The ideal project manager for OHSMS implementation is discussed in this article: Who is the ideal project manager for your ISO 45001 project?

Key success factors for the OHSMS

Implementing an OHSMS using ISO 45001 requires careful planning to ensure the system is implemented correctly the first time, saving time and money. Controlling challenges can maintain progress towards ISO 45001 implementation and keep the project on track.

Start on a firm foundation

Implementing an OHSMS is unique to each company. For success, it should align with the company’s specific needs, leveraging the ISO 45001 guide. The ISO 45001 requirements provide a good guide for the processes that need to be in place. However, the manner in which you implement these requirements is completely up to you and should be suited to your company’s specific needs.

Ensure the support of management

Even if it’s possible to overcome the struggle and successfully implement ISO 45001 without the full support of your management team, it will inevitably become challenging to maintain and uphold the system once it has been established. The lack of their buy-in could lead to a fragile infrastructure that may crumble over time without their reinforcement and support. Therefore, it’s critically important to sell this project to the top management now; you not only pave the way for a smoother implementation, but also ensure that the system remains robust and effective as you maintain it going forward.

Four fundamentals for the OHSMS

To create an effective OHSMS, it’s crucial to begin with four fundamental elements. These elements form the backbone of your management system, and, if they are established first, they will provide a solid foundation for building the rest of your processes:

  1. OH&S Policy: The policy outlines the company’s commitments and direction regarding OH&S factors, providing a framework for all health and safety decisions.
  2. Legal requirements: Understanding and updating knowledge of the legal requirements that apply to your business is crucial for constructing a compliant management system.
  3. OH&S hazards: Identification of potential health and safety issues within company processes allows for the creation of control measures and mitigation strategies.
  4. Objectives and plans: Setting clear objectives and detailed plans is essential for facilitating and measuring improvements in the OH&S Management System.

Set up for maintaining the OHSMS

One way that the OHSMS implementation is different from other projects is that, when it comes to an end, the processes will still need to be maintained on an ongoing basis. To this end, it is important that, as you are implementing processes, you ensure that whoever is going to be responsible for this process has all of the knowledge needed to ensure that the process continues to be effective and efficient, and that it improves over time. These people who are responsible for the processes are typically called process owners.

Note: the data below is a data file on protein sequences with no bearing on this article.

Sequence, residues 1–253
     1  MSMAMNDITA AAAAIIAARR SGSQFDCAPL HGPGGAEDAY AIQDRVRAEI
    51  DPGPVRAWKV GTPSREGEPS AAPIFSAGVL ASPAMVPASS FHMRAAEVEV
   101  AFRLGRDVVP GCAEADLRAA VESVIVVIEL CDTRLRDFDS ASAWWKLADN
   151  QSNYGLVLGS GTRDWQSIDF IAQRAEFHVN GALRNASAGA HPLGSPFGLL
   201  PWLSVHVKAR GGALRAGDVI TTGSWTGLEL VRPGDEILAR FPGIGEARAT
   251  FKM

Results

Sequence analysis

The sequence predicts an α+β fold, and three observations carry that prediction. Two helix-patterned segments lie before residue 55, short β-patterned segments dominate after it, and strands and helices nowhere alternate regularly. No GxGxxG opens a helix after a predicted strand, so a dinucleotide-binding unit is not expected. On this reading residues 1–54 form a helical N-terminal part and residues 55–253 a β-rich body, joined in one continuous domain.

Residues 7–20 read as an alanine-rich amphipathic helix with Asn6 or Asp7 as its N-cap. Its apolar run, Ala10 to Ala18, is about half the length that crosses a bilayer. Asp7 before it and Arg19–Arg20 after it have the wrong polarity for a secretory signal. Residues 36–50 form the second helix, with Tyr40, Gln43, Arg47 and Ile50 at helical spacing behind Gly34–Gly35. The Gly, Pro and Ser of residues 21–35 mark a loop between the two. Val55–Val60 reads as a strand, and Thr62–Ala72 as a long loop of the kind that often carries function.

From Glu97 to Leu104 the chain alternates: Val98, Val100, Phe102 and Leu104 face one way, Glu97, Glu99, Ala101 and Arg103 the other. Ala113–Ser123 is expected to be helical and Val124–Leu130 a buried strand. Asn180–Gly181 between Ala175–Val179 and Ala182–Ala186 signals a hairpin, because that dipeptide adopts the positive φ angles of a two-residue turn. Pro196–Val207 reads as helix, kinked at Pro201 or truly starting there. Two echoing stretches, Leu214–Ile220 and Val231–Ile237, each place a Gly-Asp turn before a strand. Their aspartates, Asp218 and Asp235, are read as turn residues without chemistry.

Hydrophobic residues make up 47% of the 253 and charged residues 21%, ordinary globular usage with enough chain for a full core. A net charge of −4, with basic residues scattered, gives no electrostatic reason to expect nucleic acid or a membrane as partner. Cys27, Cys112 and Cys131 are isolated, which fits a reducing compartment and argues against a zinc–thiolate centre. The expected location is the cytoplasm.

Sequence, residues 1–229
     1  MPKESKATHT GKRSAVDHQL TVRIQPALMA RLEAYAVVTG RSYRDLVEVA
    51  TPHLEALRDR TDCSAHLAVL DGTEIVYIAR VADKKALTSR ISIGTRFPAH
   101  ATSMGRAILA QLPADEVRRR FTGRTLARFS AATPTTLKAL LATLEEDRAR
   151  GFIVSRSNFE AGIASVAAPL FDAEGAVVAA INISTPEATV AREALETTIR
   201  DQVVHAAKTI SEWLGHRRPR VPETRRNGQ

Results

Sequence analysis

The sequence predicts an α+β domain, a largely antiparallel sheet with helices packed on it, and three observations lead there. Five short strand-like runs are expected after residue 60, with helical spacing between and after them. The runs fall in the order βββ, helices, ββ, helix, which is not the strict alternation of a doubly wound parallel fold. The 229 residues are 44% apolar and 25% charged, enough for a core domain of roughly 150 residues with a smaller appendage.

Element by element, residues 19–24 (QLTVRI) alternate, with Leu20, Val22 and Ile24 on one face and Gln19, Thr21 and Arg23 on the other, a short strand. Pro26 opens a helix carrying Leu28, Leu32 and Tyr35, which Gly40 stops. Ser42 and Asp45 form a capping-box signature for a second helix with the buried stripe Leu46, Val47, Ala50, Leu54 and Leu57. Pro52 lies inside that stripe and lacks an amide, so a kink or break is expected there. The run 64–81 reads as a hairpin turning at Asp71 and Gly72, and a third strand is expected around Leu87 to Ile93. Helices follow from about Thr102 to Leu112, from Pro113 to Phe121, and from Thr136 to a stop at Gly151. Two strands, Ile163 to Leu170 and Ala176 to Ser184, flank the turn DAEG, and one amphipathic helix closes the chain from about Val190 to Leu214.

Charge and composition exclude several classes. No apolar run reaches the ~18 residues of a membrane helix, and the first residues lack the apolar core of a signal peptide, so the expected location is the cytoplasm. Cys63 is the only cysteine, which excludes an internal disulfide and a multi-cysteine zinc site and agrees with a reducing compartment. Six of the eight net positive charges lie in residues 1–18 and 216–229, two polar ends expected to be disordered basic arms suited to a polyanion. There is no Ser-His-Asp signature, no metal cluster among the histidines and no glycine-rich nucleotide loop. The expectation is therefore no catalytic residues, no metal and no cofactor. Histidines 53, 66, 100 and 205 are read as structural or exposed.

One of the best ways to address these challenges is to ensure that you include those who will be maintaining the processes of the OHSMS during the implementation of their processes. This way, you will have a knowledgeable group of process owners who know how to manage and improve the OHSMS going forward; and, if there are any questions on the policies, hazards, or implementation of the OHSMS, it will be simple to gather all of the necessary information to promote worker participation in the management system.

You can read more about the success factors for OHSMS implementation in this article: 5 tips to make your ISO 45001 implementation project successful.


Workplace safety is not just a good idea; it’s critical for maintaining a healthy workforce who are better able to complete the work and tasks that are needed in the business. Implementation is only the first step towards improving occupational health and safety performance.

Once you have put all of the necessary processes in place, you must improve them over time, further preventing injury and ill health in the workplace. By maintaining the OHSMS as you implement it, you’ll be better prepared to continue with this improvement activity in the future.

Overcome OHSMS challenges and simplify the implementation using this ISO 45001 Documentation Toolkit — it will provide all the required OHSMS documents and guidelines for the implementation.

Advisera Mark Hammar

Mark Hammar

Mark Hammar is a Certified Manager of Quality / Organizational Excellence through the American Society for Quality and has been a Quality Professional since 1994. Mark has experience in auditing, improving processes, and writing procedures for Quality, Environmental, and Occupational Health & Safety Management Systems, and is certified as a Lead Auditor for ISO 9001, AS9100, and ISO 14001.